Now let me be clear. I am not against organic or fair-trade or eco-friendly products per se. That wouldbe insane. Clearly, there are groups of producers – usually poor farmers in the Third World – that have benefited from these initiatives. What I am against is the voluntary nature and premium pricing of sustainable and responsible products. The combination of these two factors has ensured that, with one or two exceptions, these products have never gone to scale. As compared with the total and ongoing impacts of mainstream shopping habits, ethical consumption, laudable as it is, has remained marginal at best and totally insignificant at worst.

The UK’s Sustainable Consumption Roundtable says, ‘we know that there is a considerable gap – the so-called ‘value-action gap – between people’s attitudes, which are often pro-environmental, and their everyday behaviors’. We know the ‘value-action’ gap is partly explained by price and availability of alternatives, but there’s something else. Context matters as well.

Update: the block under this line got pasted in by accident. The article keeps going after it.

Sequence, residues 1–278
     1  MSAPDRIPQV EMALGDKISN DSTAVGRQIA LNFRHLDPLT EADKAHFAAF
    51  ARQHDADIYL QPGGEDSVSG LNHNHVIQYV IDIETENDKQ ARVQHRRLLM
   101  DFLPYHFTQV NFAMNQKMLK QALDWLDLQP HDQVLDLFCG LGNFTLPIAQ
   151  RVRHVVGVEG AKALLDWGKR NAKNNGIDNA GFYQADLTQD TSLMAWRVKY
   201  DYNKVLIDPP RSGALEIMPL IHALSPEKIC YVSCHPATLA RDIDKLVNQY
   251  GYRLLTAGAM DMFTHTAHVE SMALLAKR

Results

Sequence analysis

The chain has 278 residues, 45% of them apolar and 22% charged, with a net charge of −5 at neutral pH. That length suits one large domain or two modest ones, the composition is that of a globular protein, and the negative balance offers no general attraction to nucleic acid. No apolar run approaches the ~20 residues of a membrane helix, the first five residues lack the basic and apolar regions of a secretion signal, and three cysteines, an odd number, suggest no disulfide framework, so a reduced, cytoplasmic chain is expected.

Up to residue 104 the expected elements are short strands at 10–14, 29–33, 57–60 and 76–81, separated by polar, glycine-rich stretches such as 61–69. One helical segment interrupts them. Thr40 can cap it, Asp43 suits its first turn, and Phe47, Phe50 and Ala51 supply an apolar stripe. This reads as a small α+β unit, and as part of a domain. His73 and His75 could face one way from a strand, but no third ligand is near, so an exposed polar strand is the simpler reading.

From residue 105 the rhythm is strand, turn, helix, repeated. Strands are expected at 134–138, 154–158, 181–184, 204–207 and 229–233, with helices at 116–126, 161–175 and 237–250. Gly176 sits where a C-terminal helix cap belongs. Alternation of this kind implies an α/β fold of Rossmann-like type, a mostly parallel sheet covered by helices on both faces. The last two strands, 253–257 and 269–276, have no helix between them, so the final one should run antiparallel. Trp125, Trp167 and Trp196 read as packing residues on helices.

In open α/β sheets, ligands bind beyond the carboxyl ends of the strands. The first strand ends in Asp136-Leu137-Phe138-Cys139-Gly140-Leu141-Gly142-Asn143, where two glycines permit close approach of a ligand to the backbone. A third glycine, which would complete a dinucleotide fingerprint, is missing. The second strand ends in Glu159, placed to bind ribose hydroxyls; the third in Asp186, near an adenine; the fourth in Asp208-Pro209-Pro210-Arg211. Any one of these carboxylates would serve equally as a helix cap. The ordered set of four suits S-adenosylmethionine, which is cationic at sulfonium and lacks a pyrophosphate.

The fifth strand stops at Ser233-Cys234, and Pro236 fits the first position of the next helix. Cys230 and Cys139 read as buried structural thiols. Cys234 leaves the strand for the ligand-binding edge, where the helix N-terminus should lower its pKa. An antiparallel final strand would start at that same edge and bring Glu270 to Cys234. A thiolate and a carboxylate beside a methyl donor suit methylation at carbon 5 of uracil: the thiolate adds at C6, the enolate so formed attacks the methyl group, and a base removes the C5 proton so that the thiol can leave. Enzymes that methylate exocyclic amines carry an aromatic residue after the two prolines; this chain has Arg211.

To illustrate this, Timothy Devinney, author of The Myth of the Ethical Consumer, reports on a very interesting experiment he conducted while researching his book. The experiment took place at a coffee shop in central Sydney, Australia, over a period of several weeks. This coffee shop displayed a large and prominent sign indicating the products available, their prices and active specials. To this was added, quite obtrusively, another special, indicating: We have Fair Trade coffee! No extra charge. Just ask.

Here’s what he found. Unprompted, with only the sign to notify them of the availability of the ‘ethical’ alternative, less than 1% of customers bothered to ask for Fair Trade coffee, even though it was free. “When they prompted customers with a reminder that the ‘ethical’ alternative was available, the number of customers opting for the Fair Trade option rose to 30%. They then went a step further and took the customer’s privacy away: each time the clerk prompted a customer with the Fair Trade option, we ensured there was someone standing next to that person at the counter. In this situation, the number of ‘ethical consumers’ rose to 70%.”

This is a hugely important lesson: If we want to achieve scalability of sustainable and responsible products and services, we cannot leave it to the passive choices of customers. Context is critical, and a little bit of peer pressure goes a long way. But do we really want to resort to public embarrassment to achieve scalability?
The alternative is the trend towards ‘choice editing’. The idea of choice editing is likely to get free-market fundamentalists all in a tizz, but the fact is that manufacturers and retailers choice edit all the time – for example on quality, price, aesthetics and brand. The only difference is now we are asking them to add sustainability and responsibility to their list of criteria.